The Cold War is over. The wasteful spending is not.

Nuclear waste disposal is a global problem. Companies retain their radioactive properties for thousands of years.

Radioactive waste results from daily maintenance or repair activities or scheduled or unscheduled nuclear power plant shutdowns and must be stored separately from regular waste.

Purification filters or those from ventilation systems, oils, solvents, or flammable mixtures are some types of radioactive waste. Their collection and sorting are done according to rules and fixed criteria. Gerard Mourou, one of the three Nobel laureates in physics in 2021, says that the life of radioactive waste could be reduced from thousands of years to a few minutes. Although Mourou does not hesitate to say that the option he and Professor Toshiki Tajima, from California, worked on may be applicable in a few years, it has created a wave of enthusiasm in France, writes Bloomberg.

Nuclear power has its advantages: it generates fewer emissions and is produced at a relatively low price. But no country can claim to have an effective solution for treating nuclear waste. According to data provided by the International Atomic Energy Agency, the Greenpeace environmental group estimates a global stockpile of about 250,000 tons of spent fuel, distributed in 14 countries, according to data provided by the International Atomic Energy Agency.

In a report published in 2015 by GE-Hitachi, the cost of disposing of nuclear waste - from China, Russia, and India - is estimated at over $ 100 billion. France produces more nuclear waste per capita than any other country. With almost 72% of its electricity coming from nuclear energy - the largest share in the world - it generates 2 kg of radioactive waste per person per year.

The most toxic waste is stored in short-term facilities in The Hague in Normandy, Marcoule, and Cadarache in southern France and Valduc, near Dijon. Mourou's solution involves high-intensity lasers. His research paved the way for the shortest and most intense laser pulses ever created. In his Nobel speech, Mourou emphasized that he would use his "passion for extreme light" to solve the problem of nuclear waste.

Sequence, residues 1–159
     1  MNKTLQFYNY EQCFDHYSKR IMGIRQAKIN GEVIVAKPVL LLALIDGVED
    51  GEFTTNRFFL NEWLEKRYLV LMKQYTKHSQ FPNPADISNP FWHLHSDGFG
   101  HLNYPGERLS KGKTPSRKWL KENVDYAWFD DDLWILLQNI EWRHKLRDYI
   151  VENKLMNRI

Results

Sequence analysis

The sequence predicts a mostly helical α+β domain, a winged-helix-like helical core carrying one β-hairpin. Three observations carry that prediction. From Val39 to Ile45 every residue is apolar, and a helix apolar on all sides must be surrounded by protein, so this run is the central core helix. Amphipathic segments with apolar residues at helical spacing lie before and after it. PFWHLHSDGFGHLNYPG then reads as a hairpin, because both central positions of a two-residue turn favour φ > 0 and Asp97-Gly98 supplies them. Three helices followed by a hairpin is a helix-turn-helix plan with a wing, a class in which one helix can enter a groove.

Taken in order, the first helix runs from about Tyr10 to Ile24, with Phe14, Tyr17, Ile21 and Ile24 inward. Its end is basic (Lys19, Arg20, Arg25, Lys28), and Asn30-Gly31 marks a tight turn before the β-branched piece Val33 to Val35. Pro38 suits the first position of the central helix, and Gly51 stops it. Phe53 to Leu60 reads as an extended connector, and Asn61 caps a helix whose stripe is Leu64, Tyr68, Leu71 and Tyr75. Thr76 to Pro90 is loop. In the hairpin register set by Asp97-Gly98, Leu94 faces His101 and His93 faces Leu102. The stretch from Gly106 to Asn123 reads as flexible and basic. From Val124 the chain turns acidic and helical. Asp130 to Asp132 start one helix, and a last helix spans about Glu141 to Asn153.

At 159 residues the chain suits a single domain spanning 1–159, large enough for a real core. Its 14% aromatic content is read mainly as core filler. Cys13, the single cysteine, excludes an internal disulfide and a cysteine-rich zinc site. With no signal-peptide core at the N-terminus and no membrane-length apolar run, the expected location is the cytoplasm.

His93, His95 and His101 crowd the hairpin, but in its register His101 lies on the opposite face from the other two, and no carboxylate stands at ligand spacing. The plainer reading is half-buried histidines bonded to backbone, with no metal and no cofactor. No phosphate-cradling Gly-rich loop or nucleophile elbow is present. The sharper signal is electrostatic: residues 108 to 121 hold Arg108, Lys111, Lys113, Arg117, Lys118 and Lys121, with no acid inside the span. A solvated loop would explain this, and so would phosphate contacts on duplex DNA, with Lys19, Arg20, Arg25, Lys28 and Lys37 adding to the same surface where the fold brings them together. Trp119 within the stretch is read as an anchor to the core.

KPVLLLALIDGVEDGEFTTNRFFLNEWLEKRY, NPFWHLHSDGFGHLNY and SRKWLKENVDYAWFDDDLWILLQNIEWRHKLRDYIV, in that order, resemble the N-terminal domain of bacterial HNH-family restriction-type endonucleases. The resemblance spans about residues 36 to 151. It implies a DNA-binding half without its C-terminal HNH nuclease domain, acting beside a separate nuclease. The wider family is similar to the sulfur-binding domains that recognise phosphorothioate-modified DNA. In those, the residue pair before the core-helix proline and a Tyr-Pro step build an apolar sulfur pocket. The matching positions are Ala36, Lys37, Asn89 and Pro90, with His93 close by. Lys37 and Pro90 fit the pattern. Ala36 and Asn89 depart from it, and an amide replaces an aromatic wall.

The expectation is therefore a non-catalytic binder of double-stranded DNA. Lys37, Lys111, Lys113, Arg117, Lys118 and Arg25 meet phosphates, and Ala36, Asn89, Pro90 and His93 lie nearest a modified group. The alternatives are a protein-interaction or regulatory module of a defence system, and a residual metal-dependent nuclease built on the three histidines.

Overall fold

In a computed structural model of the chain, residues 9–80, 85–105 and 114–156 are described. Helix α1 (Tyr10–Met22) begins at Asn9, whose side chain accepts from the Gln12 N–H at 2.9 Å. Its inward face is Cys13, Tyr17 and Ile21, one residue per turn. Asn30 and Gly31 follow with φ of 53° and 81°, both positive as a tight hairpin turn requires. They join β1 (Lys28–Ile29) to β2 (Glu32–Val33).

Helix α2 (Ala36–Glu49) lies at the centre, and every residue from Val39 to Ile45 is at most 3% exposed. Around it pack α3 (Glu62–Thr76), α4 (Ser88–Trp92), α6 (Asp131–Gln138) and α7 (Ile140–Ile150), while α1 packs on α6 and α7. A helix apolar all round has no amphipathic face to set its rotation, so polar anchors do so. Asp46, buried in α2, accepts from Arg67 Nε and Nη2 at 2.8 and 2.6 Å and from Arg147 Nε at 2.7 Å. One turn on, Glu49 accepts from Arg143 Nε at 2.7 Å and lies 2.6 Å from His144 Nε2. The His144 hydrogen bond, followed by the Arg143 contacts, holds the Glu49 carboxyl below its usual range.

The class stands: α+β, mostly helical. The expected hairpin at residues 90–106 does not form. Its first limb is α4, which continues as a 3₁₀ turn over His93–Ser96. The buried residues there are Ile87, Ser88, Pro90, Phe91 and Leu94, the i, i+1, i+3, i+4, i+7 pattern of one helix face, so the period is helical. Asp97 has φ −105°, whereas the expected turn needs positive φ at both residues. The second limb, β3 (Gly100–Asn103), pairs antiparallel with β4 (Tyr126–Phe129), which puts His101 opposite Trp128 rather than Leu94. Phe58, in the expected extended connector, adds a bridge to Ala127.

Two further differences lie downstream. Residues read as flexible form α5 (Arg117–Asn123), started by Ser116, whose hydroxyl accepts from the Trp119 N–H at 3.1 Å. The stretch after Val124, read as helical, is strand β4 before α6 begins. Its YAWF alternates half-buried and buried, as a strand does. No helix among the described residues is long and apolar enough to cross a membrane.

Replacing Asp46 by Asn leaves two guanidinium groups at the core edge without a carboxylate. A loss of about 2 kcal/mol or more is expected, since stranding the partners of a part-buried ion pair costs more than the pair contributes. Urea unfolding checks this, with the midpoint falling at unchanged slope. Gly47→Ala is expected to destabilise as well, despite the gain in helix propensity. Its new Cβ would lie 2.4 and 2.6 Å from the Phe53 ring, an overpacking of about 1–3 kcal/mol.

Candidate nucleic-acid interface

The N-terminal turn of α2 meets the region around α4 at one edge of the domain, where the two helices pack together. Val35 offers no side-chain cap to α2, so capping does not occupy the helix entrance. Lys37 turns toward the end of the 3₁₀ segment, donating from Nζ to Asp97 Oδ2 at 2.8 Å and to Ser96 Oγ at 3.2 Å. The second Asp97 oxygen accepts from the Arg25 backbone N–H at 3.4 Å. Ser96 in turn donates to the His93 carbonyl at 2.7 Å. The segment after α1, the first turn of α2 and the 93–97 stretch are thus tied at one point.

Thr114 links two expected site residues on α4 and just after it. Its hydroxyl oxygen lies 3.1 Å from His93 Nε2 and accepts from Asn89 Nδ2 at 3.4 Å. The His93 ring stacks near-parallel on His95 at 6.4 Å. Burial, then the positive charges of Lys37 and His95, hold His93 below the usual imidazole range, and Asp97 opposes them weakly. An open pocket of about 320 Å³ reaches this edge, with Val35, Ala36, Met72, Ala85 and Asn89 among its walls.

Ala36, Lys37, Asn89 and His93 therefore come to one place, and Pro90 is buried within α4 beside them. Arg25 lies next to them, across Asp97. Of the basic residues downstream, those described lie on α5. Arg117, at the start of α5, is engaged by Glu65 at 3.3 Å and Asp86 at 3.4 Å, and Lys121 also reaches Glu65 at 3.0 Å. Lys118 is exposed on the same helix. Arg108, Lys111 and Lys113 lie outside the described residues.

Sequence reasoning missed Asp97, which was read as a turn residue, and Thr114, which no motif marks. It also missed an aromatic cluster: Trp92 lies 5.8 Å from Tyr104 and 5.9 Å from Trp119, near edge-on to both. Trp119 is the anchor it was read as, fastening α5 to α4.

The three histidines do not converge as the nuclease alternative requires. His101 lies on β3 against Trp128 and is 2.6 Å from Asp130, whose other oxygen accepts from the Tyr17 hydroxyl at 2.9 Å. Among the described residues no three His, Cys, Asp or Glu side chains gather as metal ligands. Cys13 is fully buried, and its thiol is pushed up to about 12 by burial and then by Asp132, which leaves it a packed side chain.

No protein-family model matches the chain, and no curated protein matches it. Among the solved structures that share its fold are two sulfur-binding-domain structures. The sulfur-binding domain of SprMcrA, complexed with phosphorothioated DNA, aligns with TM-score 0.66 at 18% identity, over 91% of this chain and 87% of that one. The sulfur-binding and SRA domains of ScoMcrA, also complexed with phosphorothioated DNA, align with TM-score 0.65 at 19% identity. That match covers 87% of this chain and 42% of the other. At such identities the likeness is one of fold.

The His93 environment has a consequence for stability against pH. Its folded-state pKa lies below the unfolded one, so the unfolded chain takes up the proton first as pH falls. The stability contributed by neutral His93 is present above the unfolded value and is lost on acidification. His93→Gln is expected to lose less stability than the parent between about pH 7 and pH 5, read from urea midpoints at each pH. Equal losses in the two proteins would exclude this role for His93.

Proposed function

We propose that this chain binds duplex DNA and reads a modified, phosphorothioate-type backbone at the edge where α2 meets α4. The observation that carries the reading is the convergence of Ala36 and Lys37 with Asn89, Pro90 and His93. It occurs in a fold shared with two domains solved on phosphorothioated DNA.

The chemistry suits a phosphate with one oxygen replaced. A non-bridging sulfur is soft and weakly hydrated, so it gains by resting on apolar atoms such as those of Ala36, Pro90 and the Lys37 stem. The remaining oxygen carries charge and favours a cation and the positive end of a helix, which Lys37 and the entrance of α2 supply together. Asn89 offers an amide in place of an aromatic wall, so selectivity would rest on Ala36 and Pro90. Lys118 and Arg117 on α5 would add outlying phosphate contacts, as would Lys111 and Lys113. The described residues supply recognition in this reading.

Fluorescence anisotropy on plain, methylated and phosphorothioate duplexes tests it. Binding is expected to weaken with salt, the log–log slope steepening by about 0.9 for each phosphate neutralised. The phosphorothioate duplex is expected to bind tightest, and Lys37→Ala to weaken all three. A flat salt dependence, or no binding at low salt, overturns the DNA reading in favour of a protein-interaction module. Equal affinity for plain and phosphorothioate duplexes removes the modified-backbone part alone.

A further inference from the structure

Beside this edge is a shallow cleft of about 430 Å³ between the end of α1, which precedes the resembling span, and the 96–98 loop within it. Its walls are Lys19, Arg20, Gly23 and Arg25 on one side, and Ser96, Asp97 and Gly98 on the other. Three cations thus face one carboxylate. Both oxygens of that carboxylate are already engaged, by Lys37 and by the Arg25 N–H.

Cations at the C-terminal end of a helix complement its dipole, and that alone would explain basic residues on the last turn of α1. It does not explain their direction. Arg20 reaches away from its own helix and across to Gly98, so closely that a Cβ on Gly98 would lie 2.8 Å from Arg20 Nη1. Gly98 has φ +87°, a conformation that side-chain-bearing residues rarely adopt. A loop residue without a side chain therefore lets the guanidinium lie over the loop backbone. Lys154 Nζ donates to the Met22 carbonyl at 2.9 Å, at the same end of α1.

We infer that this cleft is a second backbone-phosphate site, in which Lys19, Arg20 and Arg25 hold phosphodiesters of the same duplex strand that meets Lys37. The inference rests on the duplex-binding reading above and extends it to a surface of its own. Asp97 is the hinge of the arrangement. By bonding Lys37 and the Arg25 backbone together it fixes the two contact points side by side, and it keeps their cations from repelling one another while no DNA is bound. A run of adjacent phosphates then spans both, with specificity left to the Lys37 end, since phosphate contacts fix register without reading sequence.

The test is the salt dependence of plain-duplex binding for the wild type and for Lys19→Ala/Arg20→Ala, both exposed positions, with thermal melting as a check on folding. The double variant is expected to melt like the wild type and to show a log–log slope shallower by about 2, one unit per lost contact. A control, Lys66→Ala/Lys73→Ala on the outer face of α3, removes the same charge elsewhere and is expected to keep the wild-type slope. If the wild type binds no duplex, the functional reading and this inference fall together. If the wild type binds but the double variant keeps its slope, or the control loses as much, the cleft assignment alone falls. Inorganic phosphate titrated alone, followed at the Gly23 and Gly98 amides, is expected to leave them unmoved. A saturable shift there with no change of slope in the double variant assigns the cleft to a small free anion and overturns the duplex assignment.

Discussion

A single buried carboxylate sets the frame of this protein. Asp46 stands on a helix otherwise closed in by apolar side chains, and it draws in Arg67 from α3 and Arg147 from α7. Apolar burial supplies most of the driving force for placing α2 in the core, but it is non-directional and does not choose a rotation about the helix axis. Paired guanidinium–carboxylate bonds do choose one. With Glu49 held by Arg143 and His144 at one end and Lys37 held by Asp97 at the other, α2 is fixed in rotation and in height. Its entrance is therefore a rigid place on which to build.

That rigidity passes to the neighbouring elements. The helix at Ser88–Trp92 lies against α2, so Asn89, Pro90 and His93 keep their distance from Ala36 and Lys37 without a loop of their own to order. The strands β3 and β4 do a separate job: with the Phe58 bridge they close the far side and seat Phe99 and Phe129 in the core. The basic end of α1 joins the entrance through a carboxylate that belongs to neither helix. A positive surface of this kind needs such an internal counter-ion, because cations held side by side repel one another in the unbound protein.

"Nuclear power is probably the best candidate for the future, but we still have a lot of hazardous waste," he said. "The idea is to transmute nuclear waste into new forms of atoms that do not have the problem of radioactivity. All you have to do is change the elemental composition."

The process that Mourou and Tajima are working on is called transmutation. It involves changing the composition of the nucleus of an atom by laser bombardment. Transmutation research has been going on for three decades in the UK, Germany, Belgium, the USA, and Japan. Some experiments have failed, others are in different stages of study.

"Research is still in the laboratory stage, and the prospect of transmutation being used industrially is complex and costly," said Emmanuel Touron, head of research on future fuel removal at CEA.

Cedric Villani, MP, and winner of the Fields Medal, the equivalent of the Nobel Prize in Mathematics, says this is not a reason to give up. "What Mourou is looking for is the acceleration process created by the laser," he said. "It's far away, but why not?"

Mourou and Tajima want to create a laser-powered high-speed accelerator to produce a proton beam capable of penetrating atoms. The idea is to reduce the shaft's distance to cover 10,000 times, thus avoiding the current accelerators' impasse.